I don't think is was one of my favourite sausage rolls, alas (I think I'd give that award to Holland and Barrett's, though Linda McCartney's aren't a pretty solid job too). The packet listed the ingredients as containing 'spices', but I think that should say 'a metric truckload of cumin'. And the pastry was a bit wonky. I'm loathe to do down a sausage roll entirely, so it's not bad in a pinch, but there are better out there.

Something I've been loving a lot more: Sojade yoghurt.

I'm not a huge fan of yoghurt, but Sojade has totally won me over. It's a French company I think, and all it's soya is grown in the country, so next time some omni starts banging on about how soya is killing the rainforest or some such, slap some Sojade in their hands and remind them that the vast majority of rainforest-grown soya ends up going to feed cattle for the meat trade. If your powerful arguments don't get them to ditch dairy, then a pot of Sojade should help change their minds.

There's a good variety of yoghurt flavours in Sojade's range, but I have a strong crush on the banana flavour and have been eating it like a woman whose gullet is due to close with the next full moon. Sojade, I salute your work.

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  1. I love your descriptive of vintage. I have been quite good with stuff in my cupboards recently - but I do have a big stash of red lentils and some spices that I would def. say are vintage. I do love soda bread, agree it not the most handsome to look at. Hope you have a good weekend.

  2. Interesting to see the types of ready made food you got over there. Of course, nothing beats homemade like that soda bread and soup. :-)

  3. ha ha, I also never used to add veggies to my ramen and now I do too. I really love one pot meals like your split pea soup -- especially when you're pressed for time. I also really love finally using up things that have been in the pantry forever. I used up some lentils a few weeks ago that had been in my cupboards for an embarassingly long time. Also, I am covetous of your banana soy yogurt. I wish we had that here!

  4. You know, those ramen noodles bowls are still good every once in a while. But yes, always nice to throw in a few fresh vegetables.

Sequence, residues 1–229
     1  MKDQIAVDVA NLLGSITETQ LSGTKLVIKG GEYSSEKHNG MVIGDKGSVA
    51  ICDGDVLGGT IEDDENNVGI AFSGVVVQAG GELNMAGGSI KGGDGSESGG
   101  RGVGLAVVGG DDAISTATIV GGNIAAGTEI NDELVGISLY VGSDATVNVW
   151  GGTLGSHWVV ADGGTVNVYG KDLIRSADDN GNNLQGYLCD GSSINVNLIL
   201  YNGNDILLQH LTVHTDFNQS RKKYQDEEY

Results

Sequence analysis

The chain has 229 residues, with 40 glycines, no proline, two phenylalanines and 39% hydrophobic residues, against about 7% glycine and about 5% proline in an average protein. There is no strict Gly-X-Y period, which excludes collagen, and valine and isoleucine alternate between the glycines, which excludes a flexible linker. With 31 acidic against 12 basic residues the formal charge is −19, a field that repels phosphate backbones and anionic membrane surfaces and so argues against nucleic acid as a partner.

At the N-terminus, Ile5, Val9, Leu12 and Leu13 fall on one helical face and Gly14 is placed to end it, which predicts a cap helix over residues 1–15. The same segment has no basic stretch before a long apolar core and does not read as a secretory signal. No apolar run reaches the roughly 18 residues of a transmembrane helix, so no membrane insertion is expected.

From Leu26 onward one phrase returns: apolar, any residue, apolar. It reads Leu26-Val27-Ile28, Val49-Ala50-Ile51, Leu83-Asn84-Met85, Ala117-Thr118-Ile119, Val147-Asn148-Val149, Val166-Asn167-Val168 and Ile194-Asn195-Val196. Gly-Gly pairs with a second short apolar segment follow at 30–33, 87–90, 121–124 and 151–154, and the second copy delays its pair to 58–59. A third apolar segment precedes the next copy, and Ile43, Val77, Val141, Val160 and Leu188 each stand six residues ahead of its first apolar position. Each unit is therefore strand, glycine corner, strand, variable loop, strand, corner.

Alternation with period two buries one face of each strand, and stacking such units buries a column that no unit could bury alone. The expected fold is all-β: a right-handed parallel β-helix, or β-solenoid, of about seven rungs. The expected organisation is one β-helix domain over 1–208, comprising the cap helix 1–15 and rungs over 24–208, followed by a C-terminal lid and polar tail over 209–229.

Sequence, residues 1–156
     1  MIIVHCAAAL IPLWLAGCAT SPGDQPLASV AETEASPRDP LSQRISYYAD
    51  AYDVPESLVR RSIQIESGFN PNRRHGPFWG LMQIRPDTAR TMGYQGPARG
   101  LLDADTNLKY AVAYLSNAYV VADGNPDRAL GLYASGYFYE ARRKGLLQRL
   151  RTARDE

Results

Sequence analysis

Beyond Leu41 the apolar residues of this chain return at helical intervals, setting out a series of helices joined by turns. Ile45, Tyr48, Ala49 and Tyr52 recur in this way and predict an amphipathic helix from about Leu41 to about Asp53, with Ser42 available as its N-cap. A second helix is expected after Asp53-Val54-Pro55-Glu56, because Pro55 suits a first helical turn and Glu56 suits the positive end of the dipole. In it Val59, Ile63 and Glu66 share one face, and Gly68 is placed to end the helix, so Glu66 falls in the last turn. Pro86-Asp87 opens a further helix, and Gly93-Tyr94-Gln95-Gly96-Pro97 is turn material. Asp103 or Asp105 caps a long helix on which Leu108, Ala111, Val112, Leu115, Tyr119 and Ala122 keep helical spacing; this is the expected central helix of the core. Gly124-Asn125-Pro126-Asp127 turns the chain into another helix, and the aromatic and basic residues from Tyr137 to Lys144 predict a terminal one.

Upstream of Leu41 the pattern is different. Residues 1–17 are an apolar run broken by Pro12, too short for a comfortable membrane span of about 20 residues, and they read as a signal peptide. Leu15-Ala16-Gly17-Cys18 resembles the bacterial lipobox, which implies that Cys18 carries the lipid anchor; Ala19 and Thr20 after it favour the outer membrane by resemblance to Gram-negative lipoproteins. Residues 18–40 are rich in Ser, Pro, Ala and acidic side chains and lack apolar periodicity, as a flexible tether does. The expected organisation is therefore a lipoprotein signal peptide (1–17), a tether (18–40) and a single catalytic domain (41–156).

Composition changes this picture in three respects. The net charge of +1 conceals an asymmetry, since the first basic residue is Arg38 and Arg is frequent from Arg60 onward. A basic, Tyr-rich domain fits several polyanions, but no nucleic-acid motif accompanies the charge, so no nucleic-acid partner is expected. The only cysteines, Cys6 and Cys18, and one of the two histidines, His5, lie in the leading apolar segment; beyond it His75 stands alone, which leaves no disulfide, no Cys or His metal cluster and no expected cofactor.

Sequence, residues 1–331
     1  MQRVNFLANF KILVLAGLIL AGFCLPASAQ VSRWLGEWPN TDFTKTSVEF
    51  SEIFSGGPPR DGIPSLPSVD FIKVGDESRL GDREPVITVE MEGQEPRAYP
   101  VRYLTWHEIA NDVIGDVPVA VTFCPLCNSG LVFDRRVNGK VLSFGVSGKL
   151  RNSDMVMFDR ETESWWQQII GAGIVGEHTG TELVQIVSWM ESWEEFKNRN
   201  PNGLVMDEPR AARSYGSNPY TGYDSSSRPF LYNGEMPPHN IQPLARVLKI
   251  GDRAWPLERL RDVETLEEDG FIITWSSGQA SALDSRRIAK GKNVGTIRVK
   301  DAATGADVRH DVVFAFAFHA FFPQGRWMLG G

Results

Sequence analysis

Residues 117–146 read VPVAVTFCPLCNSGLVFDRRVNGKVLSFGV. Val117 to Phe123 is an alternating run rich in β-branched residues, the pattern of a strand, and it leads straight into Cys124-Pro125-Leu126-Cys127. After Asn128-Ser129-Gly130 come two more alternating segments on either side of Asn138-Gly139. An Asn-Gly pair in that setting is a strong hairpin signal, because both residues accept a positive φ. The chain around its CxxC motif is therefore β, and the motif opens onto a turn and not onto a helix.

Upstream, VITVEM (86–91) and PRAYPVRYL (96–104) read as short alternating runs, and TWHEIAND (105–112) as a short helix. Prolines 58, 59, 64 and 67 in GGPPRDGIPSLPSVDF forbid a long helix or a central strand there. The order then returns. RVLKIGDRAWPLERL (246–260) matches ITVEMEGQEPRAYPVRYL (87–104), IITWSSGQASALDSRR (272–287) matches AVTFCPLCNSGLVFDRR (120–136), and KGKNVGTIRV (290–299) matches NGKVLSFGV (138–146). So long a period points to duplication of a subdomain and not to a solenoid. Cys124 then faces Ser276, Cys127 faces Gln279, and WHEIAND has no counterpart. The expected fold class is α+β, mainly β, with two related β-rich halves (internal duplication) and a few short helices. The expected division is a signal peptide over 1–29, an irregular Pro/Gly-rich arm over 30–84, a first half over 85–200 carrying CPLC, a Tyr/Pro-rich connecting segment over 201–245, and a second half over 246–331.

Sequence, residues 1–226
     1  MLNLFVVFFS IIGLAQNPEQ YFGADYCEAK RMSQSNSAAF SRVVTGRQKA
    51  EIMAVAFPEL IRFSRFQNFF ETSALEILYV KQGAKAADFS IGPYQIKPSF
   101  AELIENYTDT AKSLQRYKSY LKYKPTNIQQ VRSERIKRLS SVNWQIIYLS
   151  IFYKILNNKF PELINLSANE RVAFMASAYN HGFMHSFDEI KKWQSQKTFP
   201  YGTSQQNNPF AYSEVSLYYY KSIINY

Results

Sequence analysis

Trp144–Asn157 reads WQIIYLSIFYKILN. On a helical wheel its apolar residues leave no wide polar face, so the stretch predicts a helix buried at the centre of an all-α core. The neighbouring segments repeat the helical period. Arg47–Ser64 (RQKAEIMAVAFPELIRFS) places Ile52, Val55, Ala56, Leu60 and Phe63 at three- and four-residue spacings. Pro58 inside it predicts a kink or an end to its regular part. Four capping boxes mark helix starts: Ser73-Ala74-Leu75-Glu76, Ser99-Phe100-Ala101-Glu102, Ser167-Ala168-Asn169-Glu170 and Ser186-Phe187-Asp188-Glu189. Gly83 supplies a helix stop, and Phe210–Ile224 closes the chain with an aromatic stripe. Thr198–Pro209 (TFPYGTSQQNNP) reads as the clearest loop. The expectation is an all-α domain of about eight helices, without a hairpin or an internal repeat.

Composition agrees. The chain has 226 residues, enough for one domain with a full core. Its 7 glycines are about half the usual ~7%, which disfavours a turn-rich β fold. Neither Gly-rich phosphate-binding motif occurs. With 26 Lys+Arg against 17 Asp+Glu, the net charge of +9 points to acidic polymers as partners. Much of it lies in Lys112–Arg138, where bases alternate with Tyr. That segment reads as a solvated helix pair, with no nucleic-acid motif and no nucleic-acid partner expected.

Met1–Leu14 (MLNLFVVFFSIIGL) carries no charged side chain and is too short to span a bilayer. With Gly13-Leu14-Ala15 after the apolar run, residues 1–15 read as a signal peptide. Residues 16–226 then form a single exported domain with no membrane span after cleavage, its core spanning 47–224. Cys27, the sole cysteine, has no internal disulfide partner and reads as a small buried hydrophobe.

I haven't been cooking at ALL really, but that split pea soup with some soda bread sounds fantastic and easy too.
    Congrats on finishing up yr schooling!

  5. It's been too long since I had soda bread - such good and quick bread - but we are eating sausage rolls all day and loving them. I also have split peas to be used - I hope they look as good as yours. And was that dip really that purple - it looks odd but then I don't think I have ever eaten taram salata

  6. I feel like I'm the odd one out with Sojade - it was recommended to me by lots of people when we moved to the UK but while I like it, I don't really get what the fuss is about! I'm glad it has converted you to yoghurt though as I do love that more generally. And, I can't believe you baked bread of any variety mid-exams!!

  7. Well I'm glad to hear you survived the exams and are able to cook and eat without that hanging over your head — at least for a while. It's always interesting to see the foods you find in England — some of which I've never heard of, like taramasalata. Yikes, what is that? All dried peas at our house are vintage, since I rarely use them. I can never seem to get them to cook all the way.

  8. Hooray! Glad to know your school term is over, and you can now enjoy the summer!

    I love soda bread, and it wouldn't last long in my house either!

  9. I always add veggies to my ramen these days too, I'm all about the pak choi and mushrooms. I'm pretty excited to try that taramasalata, I was always into that stuff when I was younger.